You might be expecting me to list other examples that talk about science, but I’m unable to since one of the reasons I made this book is because I saw a need for it – I could not see anything out there like it. So I just decided to make it to show it can be done and to encourage others to maybe try too. The point is that I wanted a graphic book that has science as a starring character, but wasn’t an illustrated lecture. Illustrated lectures are awesome but not what I was going for, and most graphic books which aren’t that are instead biographies of scientists. Another great genre, but also not what I wanted to do. So I was trying to do a non-fiction book, with a serious tone, about science, for grownups (although younger people can read it too!) who appreciate that the graphic novel form can contain more than just superheroes, or jokes, or adventure stories. So I’m still struggling to find you examples that inspired me. I can’t. It is probably because I did not start thinking about combining graphic books and science for the sake of experiment, but instead because I was driven to it a solution to an idea I had back in 1999 while thinking about what was missing in standard prose books about science. I wanted to have conversations up front, and then I realised I wanted readers to see the people more, and what they were saying and maybe writing, and the locations of the conversations. These were all important elements to me as a means of making the reader feel more included in the process of the science discussion. It dawned on me in the mid 2000s that the solution was to go graphic. I was then blown away that nobody had ever really done that before. So I kind of had to make it.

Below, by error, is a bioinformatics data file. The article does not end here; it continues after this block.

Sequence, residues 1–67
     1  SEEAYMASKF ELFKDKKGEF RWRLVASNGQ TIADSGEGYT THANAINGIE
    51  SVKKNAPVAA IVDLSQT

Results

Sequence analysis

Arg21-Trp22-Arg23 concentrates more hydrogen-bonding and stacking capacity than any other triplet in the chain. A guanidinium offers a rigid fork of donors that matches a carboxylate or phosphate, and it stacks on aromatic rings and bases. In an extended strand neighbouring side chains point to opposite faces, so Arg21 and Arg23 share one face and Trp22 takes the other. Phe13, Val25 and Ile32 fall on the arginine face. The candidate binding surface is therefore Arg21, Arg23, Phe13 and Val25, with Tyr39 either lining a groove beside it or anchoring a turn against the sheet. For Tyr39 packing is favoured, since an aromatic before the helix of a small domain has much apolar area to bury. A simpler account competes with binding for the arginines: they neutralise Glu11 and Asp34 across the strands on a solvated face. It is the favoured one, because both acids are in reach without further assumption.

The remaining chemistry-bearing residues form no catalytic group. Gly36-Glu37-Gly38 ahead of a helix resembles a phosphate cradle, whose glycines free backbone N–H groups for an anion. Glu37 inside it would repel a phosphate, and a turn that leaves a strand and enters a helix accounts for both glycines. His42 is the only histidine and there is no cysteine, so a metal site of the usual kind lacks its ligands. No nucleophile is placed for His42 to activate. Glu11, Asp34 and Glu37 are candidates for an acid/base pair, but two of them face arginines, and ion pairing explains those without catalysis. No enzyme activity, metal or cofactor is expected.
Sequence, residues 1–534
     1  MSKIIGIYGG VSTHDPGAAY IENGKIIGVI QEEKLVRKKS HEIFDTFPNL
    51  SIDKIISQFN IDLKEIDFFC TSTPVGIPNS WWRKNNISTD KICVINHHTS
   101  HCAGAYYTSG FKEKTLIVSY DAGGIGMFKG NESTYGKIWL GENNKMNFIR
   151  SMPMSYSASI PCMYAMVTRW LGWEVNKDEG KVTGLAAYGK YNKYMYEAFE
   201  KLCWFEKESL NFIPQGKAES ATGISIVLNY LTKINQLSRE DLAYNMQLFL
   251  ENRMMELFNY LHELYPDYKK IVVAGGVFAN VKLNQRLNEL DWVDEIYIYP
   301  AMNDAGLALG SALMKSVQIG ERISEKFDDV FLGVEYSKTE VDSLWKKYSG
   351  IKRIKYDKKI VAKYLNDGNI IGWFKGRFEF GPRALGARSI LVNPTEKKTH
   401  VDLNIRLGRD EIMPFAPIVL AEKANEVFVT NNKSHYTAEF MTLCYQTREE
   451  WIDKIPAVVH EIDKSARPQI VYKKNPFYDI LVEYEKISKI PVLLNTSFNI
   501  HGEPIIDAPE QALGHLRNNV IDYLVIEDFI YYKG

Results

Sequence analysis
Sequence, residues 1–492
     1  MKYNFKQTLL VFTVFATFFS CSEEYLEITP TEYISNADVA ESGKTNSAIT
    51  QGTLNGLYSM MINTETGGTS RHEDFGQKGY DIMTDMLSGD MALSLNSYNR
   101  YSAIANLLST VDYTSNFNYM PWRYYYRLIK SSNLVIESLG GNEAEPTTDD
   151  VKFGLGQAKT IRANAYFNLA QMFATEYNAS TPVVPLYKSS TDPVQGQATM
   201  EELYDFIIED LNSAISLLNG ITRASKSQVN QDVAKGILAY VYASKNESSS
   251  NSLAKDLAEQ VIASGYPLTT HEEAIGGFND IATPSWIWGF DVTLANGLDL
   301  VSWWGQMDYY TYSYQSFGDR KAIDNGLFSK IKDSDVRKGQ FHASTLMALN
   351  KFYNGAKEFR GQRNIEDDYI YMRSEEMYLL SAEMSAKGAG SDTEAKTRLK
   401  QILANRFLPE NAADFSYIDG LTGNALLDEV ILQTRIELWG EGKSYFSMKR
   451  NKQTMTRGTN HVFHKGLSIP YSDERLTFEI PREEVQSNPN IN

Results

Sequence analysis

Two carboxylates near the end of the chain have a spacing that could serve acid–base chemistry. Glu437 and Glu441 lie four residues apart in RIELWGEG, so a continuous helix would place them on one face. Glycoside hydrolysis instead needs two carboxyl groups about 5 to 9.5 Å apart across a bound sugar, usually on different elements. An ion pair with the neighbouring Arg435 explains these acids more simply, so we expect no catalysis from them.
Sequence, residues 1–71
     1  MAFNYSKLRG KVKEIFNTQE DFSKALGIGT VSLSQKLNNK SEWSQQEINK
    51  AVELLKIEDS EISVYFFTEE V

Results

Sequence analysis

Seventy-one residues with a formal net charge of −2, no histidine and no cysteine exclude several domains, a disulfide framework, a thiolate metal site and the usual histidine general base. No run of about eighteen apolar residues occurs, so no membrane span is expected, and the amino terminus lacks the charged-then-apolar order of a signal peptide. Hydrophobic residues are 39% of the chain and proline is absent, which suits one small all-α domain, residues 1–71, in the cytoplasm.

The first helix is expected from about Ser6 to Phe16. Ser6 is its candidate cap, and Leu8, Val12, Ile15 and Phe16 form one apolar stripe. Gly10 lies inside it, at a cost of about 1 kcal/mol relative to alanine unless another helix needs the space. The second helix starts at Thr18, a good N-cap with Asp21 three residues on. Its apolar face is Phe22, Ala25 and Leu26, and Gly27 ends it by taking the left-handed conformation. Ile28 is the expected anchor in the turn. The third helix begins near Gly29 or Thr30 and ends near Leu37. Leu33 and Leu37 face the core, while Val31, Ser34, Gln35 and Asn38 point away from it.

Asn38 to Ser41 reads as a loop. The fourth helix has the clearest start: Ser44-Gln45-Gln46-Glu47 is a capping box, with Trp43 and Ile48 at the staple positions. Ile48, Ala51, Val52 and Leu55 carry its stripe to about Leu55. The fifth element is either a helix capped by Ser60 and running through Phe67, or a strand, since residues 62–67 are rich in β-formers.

Once I was well on the path with the book, however, some interesting graphic books started to appear that you an imagine being on the same part of the bookshelf as mine, like Logicomix (although that is still mostly biography, but has mathematical ideas very upfront), or Nick Sousanis’ Unflattening, which examines ideas about visual perception and representation. I humbly submit that I’d hope on that shelf could be David Mazzucchelli’s masterpiece Asterios Polyp, which is actually a novel, but somehow has architectural ideas and sensibility very much at the forefront… or even Sonny Liew’s masterpiece from last year, The Art of Charlie Chan Hock Chye, which is a wonderful way of exploring the history of a country in detail (and also aspects of the history of comics), while masquerading as a biography.
Tell us about your journey to becoming a physicist. What moments have been defining for you in your career?